The first chapter gives us the backstory in a kind of lump sum Most contemporary novelists probably write such a backstory but often cut it, since, lacking action and character, it can seem too schematic and impersonal Hawthorne s backstory is perhaps no exception But, it has the virtue of being 160 years old, and that, combined with its antiquated vocabulary, deftly wielded, combines to hook the reader The backstory spills all the beans of this fantastic narrative, including the heinous crime, the resulting curse, the astonishing event at the housewarming and the collective guilt that is said to course through each suceeding generation of the Pyncheon family.
When we reach the action of the present day, it s a particularly low moment in the Pyncheon family s fortunes Hepzibah, the permanently scowling seemingly sole survivor of the line, is forced to open what was at the time known as a cent shop in a corner of the grand though decaying house There s nerve wracking suspense here Hawthorne seems to wring it from every word His mode of storytelling is simultaneously achingly and beautifully slow There s one scene, for example, in which he lingers over a simple breakfast Each item seems lovingly revealed there s a sumptuousness to the language that seems to belie the meal s simplicity The gaze throughout smacks of the voyeuristic as if the dead, who are no longer permitted such pleasures, were narrating.
The narrative is marked by a number of oppositions in terms of imagery gloom and sunshine, animal and spiritual, age and youth, ugliness and beauty, exhaustion and vitality Clifford embodies many of these He is put forth as the spoiled and decadent figure and symbol of the family s fortunes He is obviously homosexual, something Hawthorne, working in the era he did, could only vaguely touch upon Yet in the end he is mindful enough to turns this clich on its head For Clifford, it turns out, is not the symbol of the decaying family, but an individual, just one, from whose shoulders at the end of the book all unfair connotation seems justly lifted.
Clifford has an artist s sensibility without the artistry He is a dilettante The Daguerrotypist, who lives beneath one of the House s gables, is referred to as the artist The contrast is intentional The fellow with the so called artistic sensibilities is not an artist at all, but one who makes his living from a simple mechanical process Clifford, by contrast, lives for beauty It infuses his every happy moment Without it he is corpse like, almost inert.
The House of the Seven Gables begins with a preface by the author that identifies the work as a romance, not a novel That may be the author s preference, but I think most romance fans will be disappointed if they read this book The book is a classic by a famous American author, so it deserves to be read Once you finish the book and look over the complete plot, you can see how romantic love has healed a 200 year family curse Therefore, in that regard it is a romance However, the experience of reading the book is like wondering through a dreary haunted labyrinth I did not find it enjoyable to read I suppose the book can be considered a parable with a message aimed at the stiff necked 19th Century New England descendants of the Puritans They are a people who behave in proper ways, but have an ancestral history of executing their neighbors on trumped up charges of witchcraft They are haunted by a secret guilt of association because of the actions of their ancestors The story told by this book is about the Pyncheon family that parallels this New England story at large.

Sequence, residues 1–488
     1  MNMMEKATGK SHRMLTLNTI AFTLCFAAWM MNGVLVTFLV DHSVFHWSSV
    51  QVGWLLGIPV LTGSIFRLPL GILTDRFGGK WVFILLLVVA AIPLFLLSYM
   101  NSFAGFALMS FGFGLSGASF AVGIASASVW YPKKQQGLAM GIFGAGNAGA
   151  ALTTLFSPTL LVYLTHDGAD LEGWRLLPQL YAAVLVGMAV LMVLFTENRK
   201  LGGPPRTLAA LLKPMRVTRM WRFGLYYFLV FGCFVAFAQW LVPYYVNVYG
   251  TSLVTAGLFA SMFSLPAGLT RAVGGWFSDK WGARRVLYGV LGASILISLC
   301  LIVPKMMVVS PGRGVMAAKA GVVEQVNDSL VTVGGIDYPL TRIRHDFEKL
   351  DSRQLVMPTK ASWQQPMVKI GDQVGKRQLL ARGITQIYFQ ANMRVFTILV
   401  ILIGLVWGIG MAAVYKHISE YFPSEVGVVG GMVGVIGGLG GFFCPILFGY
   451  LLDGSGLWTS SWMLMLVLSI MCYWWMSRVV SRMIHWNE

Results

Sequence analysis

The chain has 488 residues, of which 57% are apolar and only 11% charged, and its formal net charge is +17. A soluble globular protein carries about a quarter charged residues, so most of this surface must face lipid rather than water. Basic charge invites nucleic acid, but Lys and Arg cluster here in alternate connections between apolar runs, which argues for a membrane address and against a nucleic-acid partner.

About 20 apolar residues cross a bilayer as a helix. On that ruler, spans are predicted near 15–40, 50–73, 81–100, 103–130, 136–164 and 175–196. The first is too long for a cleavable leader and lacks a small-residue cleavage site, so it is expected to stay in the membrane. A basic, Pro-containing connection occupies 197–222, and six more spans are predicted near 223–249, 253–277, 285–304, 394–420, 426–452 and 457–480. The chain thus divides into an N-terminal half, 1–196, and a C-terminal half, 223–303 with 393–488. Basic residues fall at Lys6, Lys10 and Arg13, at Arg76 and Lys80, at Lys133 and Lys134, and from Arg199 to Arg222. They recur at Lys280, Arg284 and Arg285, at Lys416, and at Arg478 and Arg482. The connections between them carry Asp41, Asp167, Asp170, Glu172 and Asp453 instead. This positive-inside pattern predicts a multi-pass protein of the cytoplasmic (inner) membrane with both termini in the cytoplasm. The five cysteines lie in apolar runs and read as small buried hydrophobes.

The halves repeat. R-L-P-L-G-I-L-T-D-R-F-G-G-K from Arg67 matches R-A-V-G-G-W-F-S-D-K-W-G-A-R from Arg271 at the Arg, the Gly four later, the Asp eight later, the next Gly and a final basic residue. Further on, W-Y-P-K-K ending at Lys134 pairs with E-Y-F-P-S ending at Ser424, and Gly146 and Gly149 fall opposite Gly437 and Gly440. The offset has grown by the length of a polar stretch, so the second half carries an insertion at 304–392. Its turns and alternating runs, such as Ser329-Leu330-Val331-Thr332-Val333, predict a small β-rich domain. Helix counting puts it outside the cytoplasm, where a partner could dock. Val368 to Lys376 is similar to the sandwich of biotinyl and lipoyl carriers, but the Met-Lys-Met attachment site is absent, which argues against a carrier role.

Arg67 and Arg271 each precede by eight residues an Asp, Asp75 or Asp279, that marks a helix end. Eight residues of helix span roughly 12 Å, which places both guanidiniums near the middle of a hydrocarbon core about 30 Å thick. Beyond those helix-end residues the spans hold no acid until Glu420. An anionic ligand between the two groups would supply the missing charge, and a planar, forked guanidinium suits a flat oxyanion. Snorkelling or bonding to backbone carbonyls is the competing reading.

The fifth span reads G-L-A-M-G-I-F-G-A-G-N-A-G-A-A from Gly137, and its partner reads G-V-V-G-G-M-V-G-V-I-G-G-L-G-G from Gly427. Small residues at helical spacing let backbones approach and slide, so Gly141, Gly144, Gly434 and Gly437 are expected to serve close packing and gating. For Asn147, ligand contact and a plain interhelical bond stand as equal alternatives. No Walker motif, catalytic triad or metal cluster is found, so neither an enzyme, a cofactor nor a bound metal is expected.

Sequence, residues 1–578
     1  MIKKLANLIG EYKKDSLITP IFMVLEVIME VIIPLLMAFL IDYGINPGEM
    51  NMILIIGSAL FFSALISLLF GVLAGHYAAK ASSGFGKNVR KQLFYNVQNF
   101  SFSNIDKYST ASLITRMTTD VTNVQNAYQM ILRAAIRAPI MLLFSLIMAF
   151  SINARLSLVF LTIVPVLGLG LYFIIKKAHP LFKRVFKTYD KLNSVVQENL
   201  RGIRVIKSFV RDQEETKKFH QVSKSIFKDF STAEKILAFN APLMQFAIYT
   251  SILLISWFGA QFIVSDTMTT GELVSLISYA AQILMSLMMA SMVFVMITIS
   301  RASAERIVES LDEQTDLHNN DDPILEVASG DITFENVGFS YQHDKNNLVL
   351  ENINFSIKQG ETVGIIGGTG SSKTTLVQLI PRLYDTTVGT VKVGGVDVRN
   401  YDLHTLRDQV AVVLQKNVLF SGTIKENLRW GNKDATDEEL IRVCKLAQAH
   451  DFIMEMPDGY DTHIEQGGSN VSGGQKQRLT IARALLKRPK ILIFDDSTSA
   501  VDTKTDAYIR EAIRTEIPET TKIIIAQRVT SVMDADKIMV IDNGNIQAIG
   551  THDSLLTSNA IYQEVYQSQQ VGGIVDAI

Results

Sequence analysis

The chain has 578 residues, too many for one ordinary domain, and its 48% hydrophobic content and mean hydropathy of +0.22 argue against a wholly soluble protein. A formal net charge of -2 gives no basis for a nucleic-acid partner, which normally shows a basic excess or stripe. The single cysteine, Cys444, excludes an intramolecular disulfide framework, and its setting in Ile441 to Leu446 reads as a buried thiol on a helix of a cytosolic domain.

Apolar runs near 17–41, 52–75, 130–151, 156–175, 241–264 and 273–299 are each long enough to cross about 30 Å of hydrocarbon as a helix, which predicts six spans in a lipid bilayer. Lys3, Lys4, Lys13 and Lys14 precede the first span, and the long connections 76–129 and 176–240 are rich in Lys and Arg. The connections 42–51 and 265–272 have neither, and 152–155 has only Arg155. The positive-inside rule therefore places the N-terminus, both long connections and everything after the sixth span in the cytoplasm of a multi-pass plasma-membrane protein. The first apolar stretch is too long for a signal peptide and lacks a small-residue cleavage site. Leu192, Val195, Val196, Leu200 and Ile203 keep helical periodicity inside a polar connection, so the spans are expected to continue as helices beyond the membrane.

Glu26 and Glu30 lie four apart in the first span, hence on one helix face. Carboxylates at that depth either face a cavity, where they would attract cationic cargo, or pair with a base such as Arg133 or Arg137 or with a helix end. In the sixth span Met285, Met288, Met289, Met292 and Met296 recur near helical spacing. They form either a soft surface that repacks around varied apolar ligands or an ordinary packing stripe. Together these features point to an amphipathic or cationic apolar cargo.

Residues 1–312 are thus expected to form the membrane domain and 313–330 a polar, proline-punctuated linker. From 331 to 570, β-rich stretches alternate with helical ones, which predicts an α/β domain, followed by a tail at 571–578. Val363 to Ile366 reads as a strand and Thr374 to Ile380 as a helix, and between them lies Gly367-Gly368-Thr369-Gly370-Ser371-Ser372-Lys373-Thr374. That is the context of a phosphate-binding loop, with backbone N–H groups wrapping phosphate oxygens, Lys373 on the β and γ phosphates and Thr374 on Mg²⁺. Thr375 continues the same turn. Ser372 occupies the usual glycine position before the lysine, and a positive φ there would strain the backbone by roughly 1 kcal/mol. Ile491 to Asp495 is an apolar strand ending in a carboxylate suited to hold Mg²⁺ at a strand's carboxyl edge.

The book s narrative comes as close as possible to being a ghost story while still remaining within the world of realism I can imagine that a reader who believes in ghosts can come away from this story with the impression that it is indeed about ghosts Likewise, another reader who doesn t believe in ghosts will say the story is about people who suspect that there may be ghosts in their lives who are intent on mischief Either way Nathaniel Hawthorne skillfully weaves a family story filled with angst.
One feature of the book that surprised me was the role of Mesmerism today we call it hypnotism As described in this book it appears to be occult magic Likewise, a lot of the melancholia described in this book would today be called clinical depression Thank goodness for the character of Phoebe in the story Her young sunny disposition is a breath of fresh air into an otherwise dreary environment She s a reminder of the eternal possibility of renewal brought by young people to human society.
The Sins Of One Generation Are Visited Upon Another In A Haunted New England Mansion Until The Arrival Of A Young Woman From The Country Breathes New Air Into Mouldering Lives And Rooms Written Shortly After The Scarlet Letter, The House of the Seven Gables Re Addresses The Theme Of Human Guilt In A Style Remarkable In Both Its Descriptive Virtuosity And Its Truly Modern Mix Of Fantasy And Realism full review to come